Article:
Despite high expectations, the Kremlin was unable to attract any western banks for the sale of dollar-denominated bonds to investors. This, according to the western media, is not how Russian President Vladimir Putin imagined Russia’s return to the financial market.
“For the first time since the introduction of western sanctions, 10-year securities will be sold in dollars. Because of this, Putin wanted to show the world that Russia is a global power in the financial markets and can quickly obtain the necessary supply of dollars. However, his plan failed,” Die Welt reported.
The news agency further reported that in February, the US government and the European Union warned companies against undertaking these financial transactions with Russia. However, the official sanctions do not forbid the banks from buying bonds at auction. Russia can also borrow money. The sanctions also do not prohibit cooperation with private banking institutions and companies. Die Welt reported that Russia can then use these loans to support troubled companies who are on the sanctions list.
“Russia certainly wanted to attract the western banks to quietly release the securities. Only large banking institutions such as Goldman Sachs and Deutsche Bank & Co can place the bonds with investors in a short period of time. Russia also wanted to show that their business dealings with western institutions are far more important than the geopolitical strife in their country. The attempt to convey this message failed miserably. The western banks fear that they will receive billions of dollars’ worth of fines from regulatory authorities if they do business with Russia,” the news agency continued.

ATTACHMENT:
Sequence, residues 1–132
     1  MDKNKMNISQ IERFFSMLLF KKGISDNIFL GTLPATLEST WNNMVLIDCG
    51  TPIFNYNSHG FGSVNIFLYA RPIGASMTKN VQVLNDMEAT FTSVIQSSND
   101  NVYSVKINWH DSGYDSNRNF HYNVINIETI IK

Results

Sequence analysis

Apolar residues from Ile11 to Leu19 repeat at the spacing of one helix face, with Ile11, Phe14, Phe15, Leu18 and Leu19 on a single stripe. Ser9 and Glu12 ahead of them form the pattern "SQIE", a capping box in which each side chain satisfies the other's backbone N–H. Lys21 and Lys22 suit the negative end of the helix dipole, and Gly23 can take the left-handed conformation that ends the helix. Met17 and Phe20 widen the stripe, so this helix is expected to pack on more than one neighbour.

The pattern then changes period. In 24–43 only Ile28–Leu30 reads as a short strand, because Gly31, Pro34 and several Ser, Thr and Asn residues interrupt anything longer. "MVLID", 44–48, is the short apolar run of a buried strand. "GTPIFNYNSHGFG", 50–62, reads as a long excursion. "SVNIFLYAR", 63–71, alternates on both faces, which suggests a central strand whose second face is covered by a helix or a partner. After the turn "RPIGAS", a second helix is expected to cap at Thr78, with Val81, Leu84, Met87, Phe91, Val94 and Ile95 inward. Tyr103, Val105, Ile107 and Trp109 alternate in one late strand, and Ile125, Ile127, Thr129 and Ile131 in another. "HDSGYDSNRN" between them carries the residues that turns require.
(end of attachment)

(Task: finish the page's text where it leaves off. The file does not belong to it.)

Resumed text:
The fact that Russia is attempting to accelerate the sale of the bonds to investors shows that the Kremlin depends on the capital markets. According to Die Welt, they seek to use them to cover their budget deficit. According to forecasts by Fitch rating agency, the budget deficit will rise to 5% of the economic production this year. This is the largest decline since 2010. One of these reasons for this is low oil prices, as oil is one of the most significant exports of the country.
Die Welt says that the economy will probably continue to decline in 2016.